Vector is the most basic data structure in R programming language. It comes in two parts: Atomic vectors and Lists which comes with three common properties such as:
  1. Type function – what actually it is?
  2. Length function – how many elements does it contain.
  3. Attribute function – extra arbitrary metadata.

Atomic Vectors have four common types such as Numeric Data Type, Integer Data Type, Character Data Type and Logical Data Type

Matrix is a two-dimensional rectangular data set and thus it can be created using vector input to the matrix function. In addition, a matrix is a collection of numbers arranged into a fixed number of rows and columns. There are many applications where we can use them -
  • Matrices are used for carrying out geological surveys. We can represent information in the form of matrices that can be used for plotting graphs, performing statistical operations, etc.
  • To represent the real-world data is like traits of people’s population. They are the best representation method for plotting common survey things.
  • In robotics and automation, matrices are the best elements for the robot movements.
Arrays are multi-dimensional data structures in R programming to stored the data in the form of matrices, row, and as well as in columns where a programmer can use the matrix level, row index, and column index to access the matrix elements.
Please keep in mind, Arrays in R are the data objects which can store data in more than two dimensions.

Lists are the objects which contain elements of different types – like strings, numbers, vectors and another list inside them. A list can also contain a matrix or a function as its elements. In other words, a list is a generic vector containing other objects. A list is created using the list() function.

A Data Frame is an array. Unlike an array, the data we store in the columns of the data frame can be of various types. That is, one column might be a numeric variable, another might be a factor, and a third might be a character variable. All columns have to be of the same length.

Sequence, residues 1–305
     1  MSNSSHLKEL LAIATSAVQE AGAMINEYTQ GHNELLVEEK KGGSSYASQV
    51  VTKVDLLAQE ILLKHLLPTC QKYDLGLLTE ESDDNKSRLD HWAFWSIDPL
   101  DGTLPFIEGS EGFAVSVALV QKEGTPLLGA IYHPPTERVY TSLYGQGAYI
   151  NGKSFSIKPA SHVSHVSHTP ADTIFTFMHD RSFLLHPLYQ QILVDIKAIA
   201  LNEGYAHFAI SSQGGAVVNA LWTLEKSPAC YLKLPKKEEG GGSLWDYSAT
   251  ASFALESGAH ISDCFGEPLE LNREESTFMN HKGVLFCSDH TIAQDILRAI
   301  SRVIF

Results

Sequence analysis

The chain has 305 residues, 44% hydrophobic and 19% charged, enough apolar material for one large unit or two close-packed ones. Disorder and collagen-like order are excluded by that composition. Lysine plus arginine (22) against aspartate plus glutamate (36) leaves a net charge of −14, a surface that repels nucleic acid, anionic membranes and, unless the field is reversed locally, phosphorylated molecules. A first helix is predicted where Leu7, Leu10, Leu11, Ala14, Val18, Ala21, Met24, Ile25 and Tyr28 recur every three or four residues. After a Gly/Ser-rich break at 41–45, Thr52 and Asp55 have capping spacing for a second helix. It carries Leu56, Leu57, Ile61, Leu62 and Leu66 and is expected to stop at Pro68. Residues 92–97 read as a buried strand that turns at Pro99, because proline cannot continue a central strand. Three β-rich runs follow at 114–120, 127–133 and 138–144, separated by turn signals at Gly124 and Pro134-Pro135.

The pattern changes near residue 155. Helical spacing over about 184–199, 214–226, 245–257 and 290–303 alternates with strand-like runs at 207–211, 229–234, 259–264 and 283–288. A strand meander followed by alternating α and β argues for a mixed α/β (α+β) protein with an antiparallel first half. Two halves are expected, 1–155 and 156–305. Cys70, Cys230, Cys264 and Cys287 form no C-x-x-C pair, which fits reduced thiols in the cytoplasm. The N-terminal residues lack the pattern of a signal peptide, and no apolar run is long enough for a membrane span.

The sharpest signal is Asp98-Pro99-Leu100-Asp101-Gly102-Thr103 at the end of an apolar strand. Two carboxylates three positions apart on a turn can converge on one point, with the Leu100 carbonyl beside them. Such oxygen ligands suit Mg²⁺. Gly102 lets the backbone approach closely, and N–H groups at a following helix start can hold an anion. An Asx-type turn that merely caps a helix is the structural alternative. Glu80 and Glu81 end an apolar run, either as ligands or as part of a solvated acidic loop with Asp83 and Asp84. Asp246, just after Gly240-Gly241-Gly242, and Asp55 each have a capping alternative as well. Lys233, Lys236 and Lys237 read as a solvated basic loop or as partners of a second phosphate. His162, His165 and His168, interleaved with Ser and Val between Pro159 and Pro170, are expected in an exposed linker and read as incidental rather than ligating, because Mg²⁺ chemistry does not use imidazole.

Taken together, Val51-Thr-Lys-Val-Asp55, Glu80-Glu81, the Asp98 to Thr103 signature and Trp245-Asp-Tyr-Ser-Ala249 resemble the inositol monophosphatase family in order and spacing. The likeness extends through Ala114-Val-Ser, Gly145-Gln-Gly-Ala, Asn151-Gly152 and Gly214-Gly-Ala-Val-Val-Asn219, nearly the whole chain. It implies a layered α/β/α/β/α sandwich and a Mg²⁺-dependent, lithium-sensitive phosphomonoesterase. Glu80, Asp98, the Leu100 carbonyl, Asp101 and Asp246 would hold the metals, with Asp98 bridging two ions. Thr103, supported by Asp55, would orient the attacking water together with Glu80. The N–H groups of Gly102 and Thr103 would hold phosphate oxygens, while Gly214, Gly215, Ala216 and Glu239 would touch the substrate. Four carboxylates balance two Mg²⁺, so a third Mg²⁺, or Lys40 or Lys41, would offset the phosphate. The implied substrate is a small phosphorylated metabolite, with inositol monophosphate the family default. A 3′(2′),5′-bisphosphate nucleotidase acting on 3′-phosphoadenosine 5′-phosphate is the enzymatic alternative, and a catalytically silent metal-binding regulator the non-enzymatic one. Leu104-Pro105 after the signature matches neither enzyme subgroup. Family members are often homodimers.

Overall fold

Features of a Data Frame: 
  • The column names should be non-empty 
  • The row names should be unique
  • The data stored in a data frame can be of numeric, factor or character type
  • Each column should contain the same number of data items

Factors are special vectors that represent categorical data and can be ordered or unordered. Format for creating an array is:
x <- factor(c("yes", "no", "yes"), levels = c("yes", "no"))

Functions are themselves objects in R which can be stored in the project’s workspace. This provides a simple and convenient way to extend R.  

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Sunday, February 23, 2020

What is R-Programming and Why learning R is important?

R is an Open Sourced powerful programming language and also known as an Advanced Statistical language which was developed in 1993 by Robert Gentleman and Ross Ihaka in the University of Auckland, Auckland, New Zealand. R is cross-plateform compatible, so it can be installed on Windows, MAC OSX and Linux. Due to having fantastic features, it is extensively used by Software Programmers, Statisticians, Data Scientists, and Data Miners. 
It is mostly used for statistical computing and graphics supported by the R Foundation for Statistical Computing. So, it is one of the most popular analytics tool used in Data Analytics and Business Analytics.